... guarded by almost a brigade of hundred days' men; had dispersed the inexperienced guard, which was scattered along the road for miles; had captured the mules, and burned the wagons and supplies. Seventy-five wagons had fallen a prey to the adventurous bandit, while the hundred days' men had made good their escape. Old men, women and children, joined in the work of destruction, setting fire to the wagons, and carrying off whatever articles they could easily remove from them. Prisoners whom they captured were murdered, either ...
— Three Years in the Sixth Corps • George T. Stevens

... unnecessary even that every student must regret Actium, Antony's defeat, the passing of Caesar's dream. For Antony was made for conquests; it was he who, fortune favoring, might have given the world to Rome. A splendid, an impudent bandit, first and foremost a soldier, calling himself a descendant of Hercules whom he resembled; hailed at Ephesus as Bacchus, in Egypt as Osiris; Asiatic in lavishness, and Teuton in his capacity for drink; vomiting in the open Forum, and making and unmaking kings; weaving with that viper ...
— Imperial Purple • Edgar Saltus

... and Lombard Street. It had just been announced that he had "absorbed" the Great Eastern and Western Railway System—of course, by the methods which have made some men and some newspapers habitually speak of him as "the Royal Bandit." The city editor had two reasons for sending Dayton—first because he did not like him; second, because any other man on the staff would walk about for an hour and come back with the report that Mountain had refused to receive him, while ...
— Composition-Rhetoric • Stratton D. Brooks

... the Deserted Limited held up at a tank station in the great Mojave Desert by a lone, masked bandit who winged the dreaming Butch in the shoulder, the latter being an express guard who resisted. After the desperado, Two-Gun Steve, had forced the engineer to run the train back to a siding, he had ...
— T. Haviland Hicks Senior • J. Raymond Elderdice

... to him. Later on the cousin thought he would like to present his friend with another cow, so applied to the prisoner for cow No. 2, and was this time refused. In order to take vengeance on the prisoner, the cousin denounced him to the civil guard lieutenant as a "bandit," and he was arrested and imprisoned as above. The prisoner was sixty years ...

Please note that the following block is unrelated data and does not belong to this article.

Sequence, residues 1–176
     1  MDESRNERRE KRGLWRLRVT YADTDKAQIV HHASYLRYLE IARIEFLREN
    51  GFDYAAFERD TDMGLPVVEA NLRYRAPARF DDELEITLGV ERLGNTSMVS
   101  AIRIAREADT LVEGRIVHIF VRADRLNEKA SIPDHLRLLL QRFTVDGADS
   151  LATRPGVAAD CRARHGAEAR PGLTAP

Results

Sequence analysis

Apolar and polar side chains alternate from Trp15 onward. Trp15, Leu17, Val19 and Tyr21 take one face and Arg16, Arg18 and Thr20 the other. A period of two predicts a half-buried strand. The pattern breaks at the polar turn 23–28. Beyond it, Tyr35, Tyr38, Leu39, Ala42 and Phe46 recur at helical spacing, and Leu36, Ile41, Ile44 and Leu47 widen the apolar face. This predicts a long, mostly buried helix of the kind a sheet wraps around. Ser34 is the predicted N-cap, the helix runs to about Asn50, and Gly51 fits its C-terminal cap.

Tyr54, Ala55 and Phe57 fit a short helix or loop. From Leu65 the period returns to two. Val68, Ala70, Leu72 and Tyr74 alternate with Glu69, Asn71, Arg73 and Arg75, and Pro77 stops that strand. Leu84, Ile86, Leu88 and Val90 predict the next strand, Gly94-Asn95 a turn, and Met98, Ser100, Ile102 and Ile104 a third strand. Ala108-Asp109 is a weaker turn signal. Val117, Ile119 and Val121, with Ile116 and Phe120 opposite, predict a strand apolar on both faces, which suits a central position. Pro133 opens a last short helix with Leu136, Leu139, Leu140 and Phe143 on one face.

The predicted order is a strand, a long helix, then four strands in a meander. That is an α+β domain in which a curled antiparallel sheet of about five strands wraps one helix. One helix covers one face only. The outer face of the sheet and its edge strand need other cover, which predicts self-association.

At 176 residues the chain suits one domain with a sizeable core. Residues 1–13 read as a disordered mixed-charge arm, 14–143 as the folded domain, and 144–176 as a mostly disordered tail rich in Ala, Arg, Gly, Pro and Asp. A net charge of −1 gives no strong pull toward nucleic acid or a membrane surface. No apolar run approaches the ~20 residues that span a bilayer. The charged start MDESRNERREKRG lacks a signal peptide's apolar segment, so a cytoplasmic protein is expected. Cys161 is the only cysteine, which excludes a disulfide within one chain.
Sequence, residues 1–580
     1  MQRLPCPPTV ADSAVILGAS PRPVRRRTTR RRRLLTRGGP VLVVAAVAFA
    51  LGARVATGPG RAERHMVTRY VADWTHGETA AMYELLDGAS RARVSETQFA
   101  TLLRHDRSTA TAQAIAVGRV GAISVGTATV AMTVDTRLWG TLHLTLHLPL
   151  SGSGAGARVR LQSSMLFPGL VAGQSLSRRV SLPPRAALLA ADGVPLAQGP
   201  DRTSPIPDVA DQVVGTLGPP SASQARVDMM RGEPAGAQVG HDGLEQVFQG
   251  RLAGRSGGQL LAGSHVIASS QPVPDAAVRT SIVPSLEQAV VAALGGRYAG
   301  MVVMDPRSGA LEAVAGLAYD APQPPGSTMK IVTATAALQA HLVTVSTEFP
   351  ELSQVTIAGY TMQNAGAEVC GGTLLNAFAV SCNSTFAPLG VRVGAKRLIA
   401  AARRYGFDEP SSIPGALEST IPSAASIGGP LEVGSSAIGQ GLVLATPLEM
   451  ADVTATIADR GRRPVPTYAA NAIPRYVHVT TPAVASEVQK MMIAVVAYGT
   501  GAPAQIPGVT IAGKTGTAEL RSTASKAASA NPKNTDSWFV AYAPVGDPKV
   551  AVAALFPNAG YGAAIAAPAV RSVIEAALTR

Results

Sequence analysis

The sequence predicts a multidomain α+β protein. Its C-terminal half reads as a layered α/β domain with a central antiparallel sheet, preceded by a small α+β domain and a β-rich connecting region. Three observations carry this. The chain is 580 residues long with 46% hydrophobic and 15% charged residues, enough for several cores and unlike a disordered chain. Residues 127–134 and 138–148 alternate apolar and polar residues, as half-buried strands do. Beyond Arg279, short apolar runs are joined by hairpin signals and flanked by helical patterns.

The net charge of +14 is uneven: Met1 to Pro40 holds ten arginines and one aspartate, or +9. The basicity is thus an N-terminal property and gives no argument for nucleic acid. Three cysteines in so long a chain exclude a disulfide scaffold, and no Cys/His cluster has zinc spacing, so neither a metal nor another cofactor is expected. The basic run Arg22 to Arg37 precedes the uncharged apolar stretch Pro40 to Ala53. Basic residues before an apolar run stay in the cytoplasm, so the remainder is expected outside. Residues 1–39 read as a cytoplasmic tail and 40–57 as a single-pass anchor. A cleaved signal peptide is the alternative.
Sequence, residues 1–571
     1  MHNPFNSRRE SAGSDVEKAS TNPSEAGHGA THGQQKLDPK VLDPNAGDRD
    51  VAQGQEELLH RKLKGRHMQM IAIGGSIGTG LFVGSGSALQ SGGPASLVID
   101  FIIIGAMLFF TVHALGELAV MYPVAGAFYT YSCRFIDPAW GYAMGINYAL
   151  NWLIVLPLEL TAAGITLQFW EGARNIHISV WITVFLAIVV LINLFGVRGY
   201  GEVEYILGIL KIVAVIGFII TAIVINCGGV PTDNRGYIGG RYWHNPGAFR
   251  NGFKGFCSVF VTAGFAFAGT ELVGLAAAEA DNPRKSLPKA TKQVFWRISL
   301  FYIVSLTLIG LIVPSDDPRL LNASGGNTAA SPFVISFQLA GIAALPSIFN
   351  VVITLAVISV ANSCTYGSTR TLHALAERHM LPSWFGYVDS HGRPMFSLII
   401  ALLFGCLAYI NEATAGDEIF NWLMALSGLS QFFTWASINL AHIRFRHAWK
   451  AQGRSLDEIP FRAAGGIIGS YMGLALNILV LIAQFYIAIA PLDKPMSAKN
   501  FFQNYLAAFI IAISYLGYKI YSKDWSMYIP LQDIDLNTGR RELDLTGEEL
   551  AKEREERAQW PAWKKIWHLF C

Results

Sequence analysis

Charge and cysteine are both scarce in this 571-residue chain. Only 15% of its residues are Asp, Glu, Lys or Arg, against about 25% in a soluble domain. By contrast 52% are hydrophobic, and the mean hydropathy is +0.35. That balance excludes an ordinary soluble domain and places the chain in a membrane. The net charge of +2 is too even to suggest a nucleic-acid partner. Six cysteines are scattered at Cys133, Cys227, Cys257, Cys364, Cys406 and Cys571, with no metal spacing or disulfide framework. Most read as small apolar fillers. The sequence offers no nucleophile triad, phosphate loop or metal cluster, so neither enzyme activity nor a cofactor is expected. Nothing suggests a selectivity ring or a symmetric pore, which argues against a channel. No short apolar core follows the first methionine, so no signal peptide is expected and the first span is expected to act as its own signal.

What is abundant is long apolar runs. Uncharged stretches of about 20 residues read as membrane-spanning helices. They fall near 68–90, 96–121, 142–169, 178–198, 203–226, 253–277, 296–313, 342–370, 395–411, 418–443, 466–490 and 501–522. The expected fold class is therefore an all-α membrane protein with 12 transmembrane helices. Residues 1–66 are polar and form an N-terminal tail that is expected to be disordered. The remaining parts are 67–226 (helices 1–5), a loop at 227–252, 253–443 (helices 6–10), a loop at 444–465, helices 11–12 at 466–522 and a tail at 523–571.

— The Story of the Philippines and Our New Possessions, • Murat Halstead

... appearance, especially his unsteady, lurking eyes, suggested the bandit. No doubt, like most of his class, he was in hiding from the government authorities. He was something of a hypochondriac, and among other ailments he thought he had an animal in his stomach, which he got in there ...
— Unknown Mexico, Volume 1 (of 2) • Carl Lumholtz

... troubles to encounter. Asia, the vastly productive, multitudinous through unprogressive, could still raise up conquerors of the Turkish type to stand against them. The last of those sudden waves of temporary, meaningless, barbarian conquest swept over the Asian plains. Nadir Shah, a Persian bandit, freed his country from the yoke of its Afghan tyrants, assumed its throne, and by repeated battles enlarged his domains at Turkish expense. He subdued Afghanistan, and then extending his attention to India made a ...
— The Great Events by Famous Historians, v. 13 • Various

... land-tax, and in 1629 he turned brigand, but without conspicuous success during the following ten years. In 1640, he headed a small gang of desperadoes, and overrunning parts of Hupeh and Honan, was soon in command of a large army. He was joined by a female bandit, formerly a courtesan, who advised him to avoid slaughter and to try to win the hearts of the people. In 1642, after several attempts to capture the city of K'ai-feng, during one of which his left eye was destroyed by an arrow, he at length succeeded, chiefly in consequence of a sudden rise of ...
— China and the Manchus • Herbert A. Giles

... dear young bandit," he informed that amazed young man, "I'm human. I can't take this money. It's been worth a thousand dollars to have had this laugh and to know I've got a lad like you growing up in my employ. You're worth a bonus, Matt; I'll stand all the commission. Soak Hudner's thousand away in the bank, Matt; ...
— Cappy Ricks • Peter B. Kyne

... to fashion Instant occasion for passion, Gripping with clutch of a bandit Weakness too ...
— My Life as an Author • Martin Farquhar Tupper

... the matter materially, that I can see!" exclaimed the young man. "With a full beard he'd probably look like a Sicilian bandit. If I thought he was really pursuing you in this darkly mysterious way I should certainly give him a piece of my American mind. You might suppose that a girl would be ...
— The Port of Missing Men • Meredith Nicholson

... he laid eyes upon them. They were the remnant of the bandit band, and the bodies carried across the pommels of the saddles were three of ...
— The Broncho Rider Boys with Funston at Vera Cruz - Or, Upholding the Honor of the Stars and Stripes • Frank Fowler

... the Philippine Islands what a brigand is to Italy, a bandit to Spain, a highwayman to England, and a train-robber to America; a man who lives by his wits, and stops at no means to gain his object. The "banca," by the way, ...
— Anting-Anting Stories - And other Strange Tales of the Filipinos • Sargent Kayme